Pre-analytical Influences on a Blood Test Study

T

The Royal Wolverhampton Hospitals NHS Trust

Status

Enrolling

Conditions

IBS - Irritable Bowel Syndrome

Treatments

Diagnostic Test: Blood test
Other: Analyses of samples

Study type

Observational

Funder types

Other

Identifiers

NCT05434949
2022LAB126

Details and patient eligibility

About

Chronic diarrhoea is common and often believed to result from irritable bowel syndrome (IBS). However, up to 50% of patients with an IBS diagnosis may have something called Bile Acid Diarrhoea (BAD) instead. BAD is easily treatable however diagnosis currently relies on a complex test involving two full body scans. The aim of the study is therefore to investigate whether a simple laboratory test, that can be done on a single blood sample, would be appropriate instead. This laboratory test is called 7aC4. In order to determine whether 7aC4 could be a good test for BAD, it needs to be determined whether eating a meal can alter the levels of 7aC4. The aim of this study is to measure 7aC4 at several time points before and after eating a meal, to see what effect this has on 7aC4 levels.

Full description

Chronic diarrhoea is common and largely due to irritable bowel syndrome (IBS). IBS is reported to affect about 11% of the UK population. About half these patients are believed, however, to have bile acid diarrhoea (BAD). There are, therefore, more than one million patients with BAD in the UK. BAD is caused by small bowel malabsorption of bile acids (BA) and increased BA in the large intestine cause diarrhoea. Once diagnosed, the treatment of BAD is simple and effective. BAD, however, is often not diagnosed because of a lack of easily available and reliable diagnostic methods. In the UK, the radiolabelled 23-seleno-25-homotaurocholic acid test (SeHCAT) is the gold-standard diagnostic method. The SeHCAT is performed by oral administration of a radiolabel, followed by two full-body scans, one week apart, to assess retention of BA. A low retention time indicates BAD. SeHCAT, however, is expensive, inconvenient to the patient, exposes the patient to radiation and has limited availability. A simple laboratory biomarker for the diagnosis of BAD is, therefore, desirable. Proposed diagnostic laboratory biomarkers for BAD include measurement of faecal BA and serum 7a-hydroxy-4-cholesten-3-one (C4). C4, an intermediate in the BA synthesis pathway, is the common precursor for the primary BAs. It is, therefore, utilised as a biomarker of BA synthesis. Serum C4 increases in BAD, as BA synthesis increases to compensate for the increased faecal BA loss. C4 measurement requires a single serum sample for analysis by liquid chromatography tandem mass spectrometry (LC-MS/MS). There is, however, limited data comparing its diagnostic accuracy to the SeHCAT scan. Furthermore, pre-analytical variables which may affect C4, include cholesterol lowering medication, diurnal variation and effects of food intake require clarification to optimise conditions for sample collection before its introduction into routine laboratory use. Literature suggests both diurnal variation and post-prandial response can influence C4 levels, however there is limited information on whether this is primarily a post-prandial response, or due to diurnal variation. This study aims to compare pre- and post-prandial C4 levels, controlled for diurnal variation.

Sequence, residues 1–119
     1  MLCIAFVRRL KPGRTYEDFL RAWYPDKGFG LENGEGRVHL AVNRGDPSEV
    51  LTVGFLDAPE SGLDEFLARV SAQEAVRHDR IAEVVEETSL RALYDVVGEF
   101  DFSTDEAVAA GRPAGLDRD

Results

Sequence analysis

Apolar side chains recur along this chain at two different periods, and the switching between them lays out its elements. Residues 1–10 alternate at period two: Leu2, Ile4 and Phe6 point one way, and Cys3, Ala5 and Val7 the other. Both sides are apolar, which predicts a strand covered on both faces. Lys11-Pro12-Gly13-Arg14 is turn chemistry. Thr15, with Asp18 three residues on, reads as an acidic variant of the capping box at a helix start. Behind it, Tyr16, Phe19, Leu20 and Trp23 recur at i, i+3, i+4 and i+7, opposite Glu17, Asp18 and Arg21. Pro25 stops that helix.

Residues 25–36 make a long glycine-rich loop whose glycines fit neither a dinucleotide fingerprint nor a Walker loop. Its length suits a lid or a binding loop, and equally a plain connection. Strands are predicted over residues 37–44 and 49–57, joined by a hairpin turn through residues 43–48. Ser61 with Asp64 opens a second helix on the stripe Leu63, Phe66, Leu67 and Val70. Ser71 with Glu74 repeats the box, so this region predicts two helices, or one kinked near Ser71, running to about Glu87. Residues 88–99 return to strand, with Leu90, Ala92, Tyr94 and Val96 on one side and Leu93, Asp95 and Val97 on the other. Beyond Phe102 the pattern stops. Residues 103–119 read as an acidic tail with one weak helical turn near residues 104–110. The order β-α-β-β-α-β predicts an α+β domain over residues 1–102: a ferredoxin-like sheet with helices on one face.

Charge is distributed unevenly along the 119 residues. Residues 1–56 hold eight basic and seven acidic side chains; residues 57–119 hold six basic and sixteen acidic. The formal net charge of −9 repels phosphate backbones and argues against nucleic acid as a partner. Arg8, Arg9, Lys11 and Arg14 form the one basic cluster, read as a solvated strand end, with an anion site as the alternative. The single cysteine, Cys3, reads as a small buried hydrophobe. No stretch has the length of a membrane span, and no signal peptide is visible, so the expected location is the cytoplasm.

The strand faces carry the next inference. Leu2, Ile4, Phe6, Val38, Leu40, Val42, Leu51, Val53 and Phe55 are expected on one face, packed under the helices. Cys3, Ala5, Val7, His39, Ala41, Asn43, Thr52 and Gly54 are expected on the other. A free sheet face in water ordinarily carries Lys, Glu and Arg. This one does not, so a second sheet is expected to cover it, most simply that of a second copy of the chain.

Enrollment

40 estimated patients

Sex

All

Ages

18+ years old

Volunteers

Accepts Healthy Volunteers

Inclusion criteria

Part 1: Effect of food intake on C4

• Healthy adult (>=18 years) volunteers from the BCPS.

Part 2: Effect of Lipid-lowering therapy on C4

• There is no patient recruitment. Spare sample collected from patients before and after starting on lipid-lowering therapy will be used.

Exclusion criteria

Part 1: Effect of food intake on serum C4

  • Subjects with learning disability or those lacking mental capacity to give consent.
  • Pregnant or breast-feeding
  • On (prescribed and over-the-counter) medication and herbal remedies known or considered to affect lipid and bile acid metabolism.
  • Chronic and acute diarrhoea
  • Gastrointestinal disease.
  • Previous ileal resection or cholecystectomy
  • Obesity defined as a body mass index (BMI) of greater than 29.9 kg/m2

Part 2: Effect of Lipid-lowering therapy on C4

The surplus serum will not be analysed if any of the following apply to the patient:

  • Pregnant or breastfeeding for either time point
  • Lipid lowering therapy within the last 6 months for the first sample
  • On (prescribed and over-the-counter) medication and herbal remedies known or considered to affect lipid and bile acid metabolism.
  • Chronic and acute diarrhoea
  • Gastrointestinal disease.
  • Previous ileal resection or cholecystectomy
  • Obesity defined as a body mass index (BMI) of greater than 29.9 kg/m2

Trial design

40 participants in 2 patient groups

Effect of food intake on C4
Description:
Blood tests to analyse serum C4 pre, and 2 and 4 hours post a standardised meal, and the same 10 patients to analyse serum C4 at 0, 2 and 4 hours, all fasting.
Treatment:
Diagnostic Test: Blood test
Effect of Lipid-lowering therapy on C4
Description:
Spare sample collected from patients before and after starting on lipid-lowering therapy will be used to measure C4 before and after lipid-lowering therapy.
Treatment:
Other: Analyses of samples

Trial contacts and locations

1

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Central trial contact

R Gama

Data sourced from clinicaltrials.gov

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